James Hanrahan

Picture of James Hanrahan in Fanciulla del West with Danise Jensen
Fanciulla del West with Danise Jensen

Picture of James Hanrahan in Fanciulla del West with Danise Jensen
Fanciulla del West with Danise Jensen

Picture of James Hanrahan
I, James Hanrahan, was born in NYC on 23 December 1935. I lived in Manhattan until 1947, and then my family moved to Queens. I went to St. Bartholomew's grammar school, after I graduated attended St. Ann's high school for one year. I left there and attended Forest Hills High School. I was a member of the All City High School Chorus for three years.

I met and sang with Teddy Lambrinos, Enzo Cittarelli, John Guarniri and many other singers who went on to sing professionally. After leaving school, I received a scholarship to Manhattan School of Music; I left after two years to pursue a career on Broadway.

I sang in several Broadway musicals, among them: Brigadoon, Man Of La Mancha, Most happy fella and several other off-Broadway shows.

I also sang in night clubs and did many private country clubs around the tri-state area. While performing at a country club in New Jersey, I met several singers from the Metropolitan Opera Company, including Gabor Carelli and William Walker, also the vocal coach Virginia Gerhard. They convinced me that I should be singing opera, in fact, they told me to learn Wagnerian tenor roles, and I had a heldentenor voice.

While I was singing, I also worked on the New York City waterfront as a longshoreman! I had to take a job there because there were too many lapses between singing engagements and I had gotten married and needed a more reliable income. I worked on the docks for almost 15 years and also sang when I got the chance.

I took a leave of absence, to make an audition tour to Germany, I and my wife lived in Munich for six months while I sang for the agents in Germany and Austria. I wasn't successful getting an engagement, so I returned to New York.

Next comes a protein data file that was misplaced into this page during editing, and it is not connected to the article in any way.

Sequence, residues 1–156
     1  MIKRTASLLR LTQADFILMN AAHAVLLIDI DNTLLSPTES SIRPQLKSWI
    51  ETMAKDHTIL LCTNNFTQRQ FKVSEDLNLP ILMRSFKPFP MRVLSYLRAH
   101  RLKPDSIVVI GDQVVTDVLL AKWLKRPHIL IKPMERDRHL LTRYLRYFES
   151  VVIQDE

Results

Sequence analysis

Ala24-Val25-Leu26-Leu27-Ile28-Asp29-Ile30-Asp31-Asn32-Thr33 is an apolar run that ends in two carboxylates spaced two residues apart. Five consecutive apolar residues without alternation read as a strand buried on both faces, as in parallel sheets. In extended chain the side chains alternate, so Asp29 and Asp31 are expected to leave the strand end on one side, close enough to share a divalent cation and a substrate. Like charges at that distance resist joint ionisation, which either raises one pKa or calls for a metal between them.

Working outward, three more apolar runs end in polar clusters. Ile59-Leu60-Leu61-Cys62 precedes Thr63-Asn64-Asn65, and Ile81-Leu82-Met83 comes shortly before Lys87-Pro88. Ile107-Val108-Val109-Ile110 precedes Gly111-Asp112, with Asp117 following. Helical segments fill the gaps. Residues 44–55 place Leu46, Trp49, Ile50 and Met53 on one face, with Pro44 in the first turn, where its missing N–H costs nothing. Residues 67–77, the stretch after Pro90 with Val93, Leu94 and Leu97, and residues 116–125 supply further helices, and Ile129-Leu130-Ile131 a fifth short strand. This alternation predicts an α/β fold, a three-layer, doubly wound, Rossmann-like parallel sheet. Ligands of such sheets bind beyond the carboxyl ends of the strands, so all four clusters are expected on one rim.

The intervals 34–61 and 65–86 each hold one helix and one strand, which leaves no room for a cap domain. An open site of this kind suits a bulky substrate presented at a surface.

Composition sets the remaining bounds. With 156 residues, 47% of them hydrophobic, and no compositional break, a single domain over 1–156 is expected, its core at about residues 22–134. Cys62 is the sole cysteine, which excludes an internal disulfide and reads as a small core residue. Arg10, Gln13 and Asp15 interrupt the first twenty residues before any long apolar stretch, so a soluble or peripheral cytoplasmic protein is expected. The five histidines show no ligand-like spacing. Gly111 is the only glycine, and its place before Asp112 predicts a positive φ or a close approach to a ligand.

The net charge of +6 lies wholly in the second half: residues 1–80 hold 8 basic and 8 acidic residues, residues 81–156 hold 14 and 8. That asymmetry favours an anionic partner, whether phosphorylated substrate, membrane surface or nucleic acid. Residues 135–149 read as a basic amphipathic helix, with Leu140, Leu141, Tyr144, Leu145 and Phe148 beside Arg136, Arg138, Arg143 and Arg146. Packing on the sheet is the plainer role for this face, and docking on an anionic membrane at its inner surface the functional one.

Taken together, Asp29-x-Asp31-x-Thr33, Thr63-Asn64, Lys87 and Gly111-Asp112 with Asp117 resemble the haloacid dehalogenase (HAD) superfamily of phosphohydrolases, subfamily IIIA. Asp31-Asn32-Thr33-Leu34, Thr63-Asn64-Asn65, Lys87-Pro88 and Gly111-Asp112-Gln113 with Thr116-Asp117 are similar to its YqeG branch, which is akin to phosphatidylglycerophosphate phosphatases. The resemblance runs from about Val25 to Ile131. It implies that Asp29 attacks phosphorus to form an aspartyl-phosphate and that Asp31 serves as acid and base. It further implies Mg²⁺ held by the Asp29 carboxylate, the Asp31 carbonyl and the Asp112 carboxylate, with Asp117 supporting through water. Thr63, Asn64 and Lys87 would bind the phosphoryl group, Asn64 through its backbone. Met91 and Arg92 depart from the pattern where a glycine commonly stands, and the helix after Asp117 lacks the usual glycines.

I was going to resume work as a longshoreman but the ILA said that I hadn't acknowledged the leave of absence! I instituted a law suit against the union, things got ugly. I had to wait for months for things to happen; when they did, it wasn't in my favor, I lost the case, the union was too strong and I still think they bought off the lawyer!

I had a dispute with the then president of the union, Teddy Gleason, it wasn't very nice! I later returned to my longshoreman's job and studied the Wagnerian tenor roles with conductor Otto Lehman.

I was offered a scholarship to the AIMS program in Graz, Austria. The William Mathis Sullivan Org. paid for my trip and I won the William Cowan Prize, which paid for the course. While there, I met Eugene Conley and became friends with him. The only reason the Sullivan Foundation agreed to pay the tuition and the air fare was, George London was going to give a master class at the AIMS program and I was to participate in that class.

Unfortunately, Mr. London had a stroke in Munich and was unable to conduct the class. I did learn a few more roles and some German phrases that I would need for my audition tour.